In this study, we aimed to verify the overexpression of serum SPRR2A in GC with ELISA. The expression of serum SPRR2A in patients with colorectal cancer and benign gastritis was also examined. We also analyzed the sensitivity and specificity of SPRR2A as a noninvasive biomarker to improve clinical prediction of GC.

2. Materials and Methods

2.1. Patients and Sample Collection

Blood samples were collected from 390 patients admitted to the Affiliated Hangzhou First People’s Hospital of Zhejiang University School of Medicine between August 2016 and May 2019. The patients included 200 with GC, 100 with gastritis, 40 with rectal cancer (RC), and 50 with colon cancer (CC). The general clinical information on all 390 subjects is shown in Table 1. Blood samples were routinely obtained in the morning within 7 to 10 days before surgery. Blood samples were also obtained from 72 patients with GC in the morning within 7 to 10 days after surgery. All samples were staged according to the 2010 American Joint Committee on Cancer (AJCC) staging system. Two pathologists confirmed the histological diagnoses and tumor-node-metastasis (TNM) stages of gastric and colorectal cancers. The various imaging, clinical laboratory, pathological examination, and clinical data of the selected subjects were recorded in detail. The inclusion criteria were as follows: (1) the patient was diagnosed as gastric cancer for the first time at the age of 33-81 years, (2) the pathological type of gastric cancer was limited to gastric adenocarcinoma, (3) no radiotherapy or chemotherapy was performed before the operation, and (4) patients were in clinical stages I-IV, with detailed clinical data and personal basic information. The exclusion criteria were as follows: (1) patients had chemotherapy or radiotherapy before surgery; (2) the patient’s physical condition was poor, unable to tolerate related examinations or operations, postoperative mental condition was poor, and the prognosis was affected due to poor basic physical conditions; and (3) there were a variety of diseases, especially the second type of cancer in the body that eliminated gastric cancer.


CharacteristicGCGastritisRCCCHealthy
()()()()()

Age (years)52 (33~81)43 (23~70)55 (39~72)57 (31~82)29 (15~62)
Male12658223954
Female7442181146
CEA (ng/ml)
SPRR2A (ng/ml)124.10 (82.73, 186.05)50.07 (30.57, 87.54)56.58 (41.17, 75.20)62.04 (51.56, 78.59)44.93 (28.54, 74.27)

Abbreviations: GC: gastric cancer; RC: rectal cancer; CC: colon cancer.

In addition, blood samples from 100 healthy controls were collected at the Department of Medical Examination Center of the Affiliated Hangzhou First People’s Hospital of Zhejiang University School of Medicine between January 2017 and May 2017. The healthy controls were confirmed to have no gastritis by gastroscopy and biopsy, and the physical examination report showed that they did not have many other diseases. We selected gastritis including chronic superficial gastritis (48 cases) and chronic atrophic gastritis (52 cases). Among them, 74 gastritis patients were HP positive and 26 were HP negative. Blood from controls was also collected in the morning. The current study was approved by the Institution Ethics Committee of the Affiliated Hangzhou First People’s Hospital of Zhejiang University School of Medicine.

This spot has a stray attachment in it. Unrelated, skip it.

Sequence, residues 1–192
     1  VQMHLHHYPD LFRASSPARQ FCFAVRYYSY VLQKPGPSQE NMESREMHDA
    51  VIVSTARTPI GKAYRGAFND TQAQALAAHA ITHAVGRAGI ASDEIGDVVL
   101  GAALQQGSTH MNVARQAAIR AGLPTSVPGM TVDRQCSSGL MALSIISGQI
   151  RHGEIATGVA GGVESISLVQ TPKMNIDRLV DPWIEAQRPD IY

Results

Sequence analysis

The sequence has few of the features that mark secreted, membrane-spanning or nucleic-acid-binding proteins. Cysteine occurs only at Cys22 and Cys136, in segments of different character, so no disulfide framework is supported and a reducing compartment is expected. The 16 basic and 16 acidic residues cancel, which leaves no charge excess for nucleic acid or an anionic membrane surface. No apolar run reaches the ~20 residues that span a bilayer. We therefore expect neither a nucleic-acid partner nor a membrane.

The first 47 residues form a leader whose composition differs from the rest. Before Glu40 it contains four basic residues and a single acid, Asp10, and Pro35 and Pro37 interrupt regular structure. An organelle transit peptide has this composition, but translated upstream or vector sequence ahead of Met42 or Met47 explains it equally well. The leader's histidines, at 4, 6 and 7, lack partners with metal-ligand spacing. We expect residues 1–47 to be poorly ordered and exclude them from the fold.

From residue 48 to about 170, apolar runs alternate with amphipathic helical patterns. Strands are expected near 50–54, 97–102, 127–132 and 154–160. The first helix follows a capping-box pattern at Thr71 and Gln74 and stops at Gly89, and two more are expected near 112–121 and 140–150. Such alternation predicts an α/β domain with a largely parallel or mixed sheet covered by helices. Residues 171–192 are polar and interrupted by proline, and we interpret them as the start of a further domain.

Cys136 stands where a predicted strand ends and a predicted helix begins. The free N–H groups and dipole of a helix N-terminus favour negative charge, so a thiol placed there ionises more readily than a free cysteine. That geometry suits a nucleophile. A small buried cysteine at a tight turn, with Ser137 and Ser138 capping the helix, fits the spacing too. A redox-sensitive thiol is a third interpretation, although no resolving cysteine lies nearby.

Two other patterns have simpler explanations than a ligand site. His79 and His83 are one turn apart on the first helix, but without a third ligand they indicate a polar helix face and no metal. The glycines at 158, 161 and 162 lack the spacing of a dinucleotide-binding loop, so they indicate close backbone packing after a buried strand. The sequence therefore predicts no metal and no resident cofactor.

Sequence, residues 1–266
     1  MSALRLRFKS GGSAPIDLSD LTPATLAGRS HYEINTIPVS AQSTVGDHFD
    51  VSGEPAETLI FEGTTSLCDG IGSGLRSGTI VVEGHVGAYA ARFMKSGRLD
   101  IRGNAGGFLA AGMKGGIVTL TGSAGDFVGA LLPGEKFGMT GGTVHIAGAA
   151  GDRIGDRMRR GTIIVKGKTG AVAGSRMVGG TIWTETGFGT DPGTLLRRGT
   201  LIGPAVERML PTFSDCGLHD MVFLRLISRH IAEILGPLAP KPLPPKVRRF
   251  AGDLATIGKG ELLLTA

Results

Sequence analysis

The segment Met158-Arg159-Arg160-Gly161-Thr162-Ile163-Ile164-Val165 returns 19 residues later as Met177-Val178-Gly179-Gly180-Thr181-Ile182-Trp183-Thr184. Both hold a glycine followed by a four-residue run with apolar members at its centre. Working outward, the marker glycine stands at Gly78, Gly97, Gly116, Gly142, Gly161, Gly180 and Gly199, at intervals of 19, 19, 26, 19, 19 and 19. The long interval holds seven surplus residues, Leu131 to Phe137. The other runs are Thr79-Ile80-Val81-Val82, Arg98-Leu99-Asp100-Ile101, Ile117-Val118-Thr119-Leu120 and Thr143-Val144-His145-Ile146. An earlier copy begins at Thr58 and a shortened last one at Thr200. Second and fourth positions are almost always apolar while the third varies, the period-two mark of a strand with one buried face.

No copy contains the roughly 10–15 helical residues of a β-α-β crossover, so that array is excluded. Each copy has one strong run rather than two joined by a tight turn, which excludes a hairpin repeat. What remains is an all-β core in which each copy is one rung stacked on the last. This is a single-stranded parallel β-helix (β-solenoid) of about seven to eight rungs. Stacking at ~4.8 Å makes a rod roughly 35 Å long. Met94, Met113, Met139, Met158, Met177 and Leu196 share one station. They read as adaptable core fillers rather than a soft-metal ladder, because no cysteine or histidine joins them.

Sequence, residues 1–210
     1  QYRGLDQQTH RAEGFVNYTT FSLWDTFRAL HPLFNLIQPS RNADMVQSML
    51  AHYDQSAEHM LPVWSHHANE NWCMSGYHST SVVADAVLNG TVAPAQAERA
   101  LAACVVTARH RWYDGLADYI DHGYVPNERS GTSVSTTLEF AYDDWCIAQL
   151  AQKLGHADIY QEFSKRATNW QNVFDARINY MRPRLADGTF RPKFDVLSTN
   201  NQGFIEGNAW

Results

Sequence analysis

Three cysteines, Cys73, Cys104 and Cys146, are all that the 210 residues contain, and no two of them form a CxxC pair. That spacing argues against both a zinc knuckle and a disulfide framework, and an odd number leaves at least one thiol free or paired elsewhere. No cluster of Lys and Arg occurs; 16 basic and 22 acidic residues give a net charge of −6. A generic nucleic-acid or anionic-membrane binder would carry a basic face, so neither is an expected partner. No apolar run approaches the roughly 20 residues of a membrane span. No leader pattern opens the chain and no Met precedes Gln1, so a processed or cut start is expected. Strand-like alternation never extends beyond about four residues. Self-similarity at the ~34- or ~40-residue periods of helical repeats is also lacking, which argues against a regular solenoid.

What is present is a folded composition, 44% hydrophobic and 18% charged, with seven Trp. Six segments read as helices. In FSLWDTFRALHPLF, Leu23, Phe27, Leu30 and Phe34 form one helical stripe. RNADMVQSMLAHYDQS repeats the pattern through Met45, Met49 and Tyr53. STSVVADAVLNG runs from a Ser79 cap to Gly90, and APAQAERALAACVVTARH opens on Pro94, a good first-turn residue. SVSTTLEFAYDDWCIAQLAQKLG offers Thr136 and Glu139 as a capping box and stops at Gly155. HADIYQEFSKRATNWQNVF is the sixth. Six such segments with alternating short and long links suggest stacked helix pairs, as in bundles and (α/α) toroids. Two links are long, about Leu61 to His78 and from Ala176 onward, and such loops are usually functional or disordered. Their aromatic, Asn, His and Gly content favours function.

2.2. Serum Specimens

3 ml of blood was drawn from each participant in the fasting state in the morning of the first visiting day. 1 ml of serum was separated by centrifuging the blood samples at 3000 for 10 min, and 0.2 ml of serum was subsequently obtained after centrifugation at 10,000 for 5 min. The prepared serum samples were stored at -80°C.

2.3. ELISA Used to Quantify Serum SPRR2A

Serum SPRR2A was measured with an SPRR2A ELISA kit (X-Y Biotechnology, Shanghai, China). The standard was diluted with the original standard provided (960 pg/ml), and then the standard dilution was diluted. The standard solutions were prepared at concentrations of 30, 60, 120, 240, 480, and 960 pg/ml, and a standard curve was prepared based on the results.

After pipetting 40 μl of sample buffer into each well, 10 μl of the SPRR2A standard stock solution and a serum sample were added to each well. Subsequently, the plate was covered and incubated at 37°C for 30 min. A SPRR2A detection reagent was added to each well and incubated at 37°C for 30 min. The streptavidin-HRP working solution was added to each well, and then the samples were incubated at 37°C for 15 min. After washing, wells were developed with TMB, and the reaction was stopped by using a stop solution. Finally, the plates were read on a full-wave length microplate reader (MD VersaMax, Molecular Devices, CA, and USA) at 450 nm.

2.4. Immunoassay for CEA

Serum CEA quantitative measurements were performed at the Department of Laboratory Medicine of Hangzhou First People’s Hospital of Zhejiang University School of Medicine. The concentrations of CEA in the serum samples were determined by using an Elecsys CEA kit (Abbott, IL, USA) according to the manufacturer’s instructions. The tested samples were subsequently assayed on an electrochemiluminescence analyzer (ARCHITECT i2000, Abbott, IL, USA). Abnormal reference values for CEA were defined as ≥5.0 ng/ml.